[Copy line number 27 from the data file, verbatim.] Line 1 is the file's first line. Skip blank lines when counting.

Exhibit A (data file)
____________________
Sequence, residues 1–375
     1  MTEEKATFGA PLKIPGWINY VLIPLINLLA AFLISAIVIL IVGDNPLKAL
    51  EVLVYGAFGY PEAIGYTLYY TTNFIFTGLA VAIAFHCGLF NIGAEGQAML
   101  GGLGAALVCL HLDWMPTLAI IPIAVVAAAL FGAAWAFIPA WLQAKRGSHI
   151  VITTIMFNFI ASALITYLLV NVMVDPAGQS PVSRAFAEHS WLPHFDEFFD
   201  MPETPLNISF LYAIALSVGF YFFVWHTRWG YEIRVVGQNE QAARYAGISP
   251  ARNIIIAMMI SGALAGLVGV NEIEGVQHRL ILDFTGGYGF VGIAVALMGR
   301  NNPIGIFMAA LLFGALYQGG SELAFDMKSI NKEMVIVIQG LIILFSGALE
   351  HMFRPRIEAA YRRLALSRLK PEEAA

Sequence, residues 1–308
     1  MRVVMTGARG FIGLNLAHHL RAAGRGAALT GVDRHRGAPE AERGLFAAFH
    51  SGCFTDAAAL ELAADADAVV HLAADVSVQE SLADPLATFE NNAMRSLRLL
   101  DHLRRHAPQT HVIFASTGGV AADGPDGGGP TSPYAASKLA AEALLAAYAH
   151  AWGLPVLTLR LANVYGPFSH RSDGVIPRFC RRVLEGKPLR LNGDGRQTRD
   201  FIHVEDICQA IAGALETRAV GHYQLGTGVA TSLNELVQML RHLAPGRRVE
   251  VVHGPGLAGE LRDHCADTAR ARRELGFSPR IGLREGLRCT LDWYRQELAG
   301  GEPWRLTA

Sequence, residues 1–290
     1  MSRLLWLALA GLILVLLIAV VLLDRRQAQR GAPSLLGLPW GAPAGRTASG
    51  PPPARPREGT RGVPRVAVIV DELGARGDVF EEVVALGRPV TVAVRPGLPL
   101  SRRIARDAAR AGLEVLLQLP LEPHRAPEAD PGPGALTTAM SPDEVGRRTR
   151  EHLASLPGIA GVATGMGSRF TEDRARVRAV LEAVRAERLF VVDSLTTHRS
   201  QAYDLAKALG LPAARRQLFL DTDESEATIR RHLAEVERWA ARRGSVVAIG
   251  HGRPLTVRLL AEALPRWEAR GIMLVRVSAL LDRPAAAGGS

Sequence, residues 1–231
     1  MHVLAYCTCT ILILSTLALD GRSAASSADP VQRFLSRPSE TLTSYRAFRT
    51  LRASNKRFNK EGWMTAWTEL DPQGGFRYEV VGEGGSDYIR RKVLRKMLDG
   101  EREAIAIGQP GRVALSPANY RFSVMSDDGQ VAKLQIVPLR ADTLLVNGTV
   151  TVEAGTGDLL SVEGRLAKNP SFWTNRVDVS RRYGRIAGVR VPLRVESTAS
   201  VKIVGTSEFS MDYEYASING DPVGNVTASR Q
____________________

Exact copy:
    51  LRASNKRFNK EGWMTAWTEL DPQGGFRYEV VGEGGSDYIR RKVLRKMLDG